More and more cities and communities are realizing that growing their retail base wisely is an integral part of any balanced and long-term economic development strategy. Not every city can support extensive retail; overbuilding in some categories and areas has contributed to today’s economic woes in the retail sector. However, many areas are still significantly underretailed and opportunities exist for both savvy cities and smart retailers. Since fewer retailers are moving in this challenging environment, competition for those new projects and locations is fierce. How can a city help get its name on the expansion list? Here are some tips we’ve found to be effective as we help cities recruit new businesses:

  1. Believe in and utilize public/private partnerships. Cities can assemble land, provide needed public infrastructure and ensue the development process is as pain-free and efficient as possible. Now is the time for innovate approaches to incentives and improving internal processes.
  2. Know your city/sites well, from a development perspective. What would make them attractive (or not) to a particular retailer? Does the site fit the retailer’s criteria?
  3. Get your demographic house in order. Using the numbers from the last census is NOT providing current, actionable information for the site selection process. Numbers generated via internal studies (not independently verifiable) are also not helpful. Use a reputable source for solid demographics based on a reasonable trade area.
  4. Understand the development process from the development side. Knowing how to work with site selectors, brokers, developers, leasing agents and retailers is crucial to ensure a smooth process and positive outcome.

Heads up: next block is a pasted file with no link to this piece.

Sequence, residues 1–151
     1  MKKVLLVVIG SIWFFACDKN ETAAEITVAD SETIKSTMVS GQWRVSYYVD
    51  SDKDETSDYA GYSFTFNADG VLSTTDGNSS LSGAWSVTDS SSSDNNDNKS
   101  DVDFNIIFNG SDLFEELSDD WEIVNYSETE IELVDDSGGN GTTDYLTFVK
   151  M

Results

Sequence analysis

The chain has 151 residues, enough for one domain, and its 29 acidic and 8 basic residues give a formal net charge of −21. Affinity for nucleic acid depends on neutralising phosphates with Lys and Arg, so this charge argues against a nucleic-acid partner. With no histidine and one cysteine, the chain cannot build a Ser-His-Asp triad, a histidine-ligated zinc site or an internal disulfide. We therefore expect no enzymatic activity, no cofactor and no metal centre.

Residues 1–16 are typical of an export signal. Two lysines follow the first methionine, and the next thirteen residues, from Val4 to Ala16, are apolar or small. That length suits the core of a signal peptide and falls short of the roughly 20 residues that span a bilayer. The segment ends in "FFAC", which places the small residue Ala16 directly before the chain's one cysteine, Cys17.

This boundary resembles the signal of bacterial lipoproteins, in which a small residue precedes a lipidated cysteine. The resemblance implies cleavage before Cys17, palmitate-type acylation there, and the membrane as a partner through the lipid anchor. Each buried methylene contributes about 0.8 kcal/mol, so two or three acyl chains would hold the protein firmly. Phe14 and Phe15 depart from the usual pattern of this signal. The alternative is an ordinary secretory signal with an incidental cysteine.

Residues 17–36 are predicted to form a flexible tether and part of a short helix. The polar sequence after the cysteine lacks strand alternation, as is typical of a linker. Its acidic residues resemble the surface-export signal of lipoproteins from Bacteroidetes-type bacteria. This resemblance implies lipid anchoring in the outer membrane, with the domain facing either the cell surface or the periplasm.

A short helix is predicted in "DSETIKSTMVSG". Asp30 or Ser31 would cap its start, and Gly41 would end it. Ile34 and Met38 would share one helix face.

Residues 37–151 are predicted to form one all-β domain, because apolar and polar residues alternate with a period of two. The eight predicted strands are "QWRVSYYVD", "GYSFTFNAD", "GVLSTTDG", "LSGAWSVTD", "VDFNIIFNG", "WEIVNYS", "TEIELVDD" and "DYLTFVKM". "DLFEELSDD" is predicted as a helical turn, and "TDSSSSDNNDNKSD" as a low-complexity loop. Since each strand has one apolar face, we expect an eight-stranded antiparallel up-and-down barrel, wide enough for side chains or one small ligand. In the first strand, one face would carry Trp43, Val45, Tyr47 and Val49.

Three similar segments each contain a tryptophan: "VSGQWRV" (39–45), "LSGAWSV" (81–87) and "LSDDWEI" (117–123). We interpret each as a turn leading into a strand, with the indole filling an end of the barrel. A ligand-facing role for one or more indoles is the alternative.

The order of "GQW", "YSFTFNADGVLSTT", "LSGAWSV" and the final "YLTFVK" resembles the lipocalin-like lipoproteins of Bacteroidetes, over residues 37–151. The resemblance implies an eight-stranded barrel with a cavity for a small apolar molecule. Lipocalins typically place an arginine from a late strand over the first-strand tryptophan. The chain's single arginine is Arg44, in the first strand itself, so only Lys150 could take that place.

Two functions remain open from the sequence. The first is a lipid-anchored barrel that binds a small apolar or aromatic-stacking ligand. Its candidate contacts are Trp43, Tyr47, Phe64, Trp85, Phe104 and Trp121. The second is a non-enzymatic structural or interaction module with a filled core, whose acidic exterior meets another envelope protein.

5. Craft a marketing position and use it. If your city logo/motto reflects 150 years of history but not where you’re headed, or what new residents or businesses can expect in the future, you’ve missed an opportunity to shine. If your web site looks like an internal project, you’ve missed another one. Cities selling themselves need the same tools as other companies with products to sell… good logo, solid identity, good product information, great marketing vehicles to share it all.
  6. Own your own economic development efforts. Chambers of Commerce, industrial development authorities, and other quasi-governmental bodies cannot “pull the trigger” on projects, yet the decision-making process and the ability to get things done in a consistent manner is an integral part of economic growth and development.

It’s not easy to get noticed by national retailers and other site selectors, but using these tips will help your community put its best foot forward and increase the chances you’ll get a shot at new business expansions or developments.

Cross-posted at NAI Commerce One blog and at citiesofvision blog.

Rickey Hayes is the principal of Retail Attractions, LLC http://www.retailattractions.com, a firm dedicated to helping cities and developers successfully find retail sites, close deals and improve the quality of life for our client cities. Mandy Vavrinak is the principal of Crossroads Communications, LLC, http://www.crossroadscommunications.com, a firm dedicated to effectively marketing places and spaces and specializing in working with retailers and cities. They’ve successfully partnered on a number of projects, attracting more than 6 million square feet of retail to the right locations over the past 6 years.